The Feigned Death of Juliet

Dublin Core


The Feigned Death of Juliet


bedchamber, Capulet, characters, Count Paris, domestic interior, Frederic Leighton (1830-1896), Friar Laurence, Juliet, Lady Capulet, medieval dress, music, musical instruments, musicians, nurse, play, Romeo and Juliet, SA, Shakespearean characters, South Australia, tragedy, William Shakespeare (1564-1616)


This oil on canvas painting by nineteenth-century artist Frederic Leighton was acquired by the Art Gallery of South Australia with funds from the Elder Bequest in 1899. Titled ‘The Feigned Death of Juliet’ it depicts a scene from William Shakespeare’s tragedy 'Romeo and Juliet'. In Act IV Scene V of the play, Count Paris arrives at the Capulet house with Friar Laurence to claim Juliet as his bride. However, instead of finding her ready to proceed to the church to be wed, he discovers Juliet seemingly lifeless in her chamber. In Leighton’s painting, Juliet is shown lying on a bed surrounded by her mother, her nurse, her father and Count Paris. Friar Laurence hovers in the corner and a band of musicians congregate by the open door with their instruments. Although the play was written in the 1590s, it is set in Verona in an earlier (but unspecified) period. The characters in the painting are all depicted wearing styles of dress typical of the High Middle Ages.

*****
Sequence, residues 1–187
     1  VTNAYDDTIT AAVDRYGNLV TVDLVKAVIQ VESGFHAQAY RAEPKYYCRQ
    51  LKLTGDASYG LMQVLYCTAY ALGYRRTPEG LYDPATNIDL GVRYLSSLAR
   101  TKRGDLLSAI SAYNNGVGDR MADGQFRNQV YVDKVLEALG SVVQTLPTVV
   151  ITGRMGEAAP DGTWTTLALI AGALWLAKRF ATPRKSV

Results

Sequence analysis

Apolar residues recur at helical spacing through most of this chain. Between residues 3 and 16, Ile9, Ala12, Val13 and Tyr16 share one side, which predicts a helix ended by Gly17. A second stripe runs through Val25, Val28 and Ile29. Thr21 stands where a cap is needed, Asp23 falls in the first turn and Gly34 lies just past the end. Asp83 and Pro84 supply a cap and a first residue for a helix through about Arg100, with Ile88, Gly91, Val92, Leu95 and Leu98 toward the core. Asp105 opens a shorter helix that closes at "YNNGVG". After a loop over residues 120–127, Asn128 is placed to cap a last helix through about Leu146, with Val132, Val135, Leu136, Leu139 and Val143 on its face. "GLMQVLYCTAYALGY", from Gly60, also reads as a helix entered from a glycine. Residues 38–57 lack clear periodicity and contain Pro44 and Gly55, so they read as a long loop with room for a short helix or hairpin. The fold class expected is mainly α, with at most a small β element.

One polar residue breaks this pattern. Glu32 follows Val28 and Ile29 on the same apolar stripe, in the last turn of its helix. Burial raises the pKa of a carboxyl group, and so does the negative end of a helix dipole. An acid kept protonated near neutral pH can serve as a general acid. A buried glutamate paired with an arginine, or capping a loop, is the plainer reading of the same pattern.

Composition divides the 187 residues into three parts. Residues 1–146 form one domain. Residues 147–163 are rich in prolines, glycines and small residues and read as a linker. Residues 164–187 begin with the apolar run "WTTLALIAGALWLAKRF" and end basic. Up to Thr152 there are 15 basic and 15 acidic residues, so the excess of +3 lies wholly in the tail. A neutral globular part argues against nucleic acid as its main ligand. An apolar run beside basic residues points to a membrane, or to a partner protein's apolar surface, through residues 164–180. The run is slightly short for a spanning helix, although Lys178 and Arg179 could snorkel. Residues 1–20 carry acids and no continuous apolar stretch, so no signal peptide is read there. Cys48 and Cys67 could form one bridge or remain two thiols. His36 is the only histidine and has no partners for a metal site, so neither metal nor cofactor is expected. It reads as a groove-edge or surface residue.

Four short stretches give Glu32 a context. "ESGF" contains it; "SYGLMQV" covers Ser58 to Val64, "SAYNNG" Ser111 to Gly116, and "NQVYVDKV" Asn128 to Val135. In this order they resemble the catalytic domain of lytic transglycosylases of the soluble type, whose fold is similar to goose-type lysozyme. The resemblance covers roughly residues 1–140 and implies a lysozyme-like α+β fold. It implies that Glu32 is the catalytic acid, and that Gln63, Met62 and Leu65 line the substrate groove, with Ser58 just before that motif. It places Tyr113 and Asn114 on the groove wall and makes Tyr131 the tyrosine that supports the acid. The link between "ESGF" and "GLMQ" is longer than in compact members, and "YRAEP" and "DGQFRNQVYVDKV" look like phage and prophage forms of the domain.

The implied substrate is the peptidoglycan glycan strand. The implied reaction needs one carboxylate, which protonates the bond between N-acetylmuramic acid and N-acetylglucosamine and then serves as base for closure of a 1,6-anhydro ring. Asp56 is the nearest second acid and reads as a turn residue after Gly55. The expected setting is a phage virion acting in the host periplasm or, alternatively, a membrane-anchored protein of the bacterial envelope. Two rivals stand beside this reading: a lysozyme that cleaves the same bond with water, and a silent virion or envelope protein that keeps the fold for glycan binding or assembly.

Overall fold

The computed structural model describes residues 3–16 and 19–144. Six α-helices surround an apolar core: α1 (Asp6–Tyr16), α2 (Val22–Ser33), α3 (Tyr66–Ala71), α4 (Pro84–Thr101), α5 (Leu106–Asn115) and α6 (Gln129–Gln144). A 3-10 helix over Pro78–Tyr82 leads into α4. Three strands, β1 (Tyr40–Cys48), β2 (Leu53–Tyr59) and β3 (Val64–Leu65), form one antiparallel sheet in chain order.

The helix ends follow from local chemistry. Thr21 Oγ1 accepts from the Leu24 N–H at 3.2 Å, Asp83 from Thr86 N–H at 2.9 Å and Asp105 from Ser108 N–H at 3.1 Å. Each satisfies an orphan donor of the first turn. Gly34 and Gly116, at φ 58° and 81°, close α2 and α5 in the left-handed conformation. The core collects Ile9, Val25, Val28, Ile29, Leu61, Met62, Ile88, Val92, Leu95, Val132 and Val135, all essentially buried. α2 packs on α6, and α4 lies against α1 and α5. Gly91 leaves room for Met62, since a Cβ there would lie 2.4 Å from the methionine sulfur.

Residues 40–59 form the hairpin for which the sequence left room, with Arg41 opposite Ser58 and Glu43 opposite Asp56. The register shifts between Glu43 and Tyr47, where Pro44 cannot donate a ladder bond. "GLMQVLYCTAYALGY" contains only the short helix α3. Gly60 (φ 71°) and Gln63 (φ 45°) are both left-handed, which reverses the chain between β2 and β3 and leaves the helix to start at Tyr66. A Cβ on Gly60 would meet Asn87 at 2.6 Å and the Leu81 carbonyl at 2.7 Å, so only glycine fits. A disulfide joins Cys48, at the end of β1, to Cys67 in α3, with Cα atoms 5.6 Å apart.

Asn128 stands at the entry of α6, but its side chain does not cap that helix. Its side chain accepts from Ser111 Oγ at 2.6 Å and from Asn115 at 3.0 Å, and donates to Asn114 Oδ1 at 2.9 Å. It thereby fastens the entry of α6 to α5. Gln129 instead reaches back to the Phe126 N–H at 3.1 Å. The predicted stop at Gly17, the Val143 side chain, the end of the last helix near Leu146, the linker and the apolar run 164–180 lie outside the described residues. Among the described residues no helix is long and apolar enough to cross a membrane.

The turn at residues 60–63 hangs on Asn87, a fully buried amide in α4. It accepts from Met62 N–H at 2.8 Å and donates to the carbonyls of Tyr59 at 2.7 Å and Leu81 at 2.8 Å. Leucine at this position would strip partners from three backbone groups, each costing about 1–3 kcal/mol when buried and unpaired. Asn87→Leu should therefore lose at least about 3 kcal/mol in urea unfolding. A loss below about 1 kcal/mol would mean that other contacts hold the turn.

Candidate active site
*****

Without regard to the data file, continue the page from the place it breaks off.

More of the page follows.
Leighton, Frederic


Art Gallery of South Australia


Art Gallery of South Australia


1856 - 1858


Art Gallery of South Australia


Oil on Canvas, 113.6 x 175.2cm;

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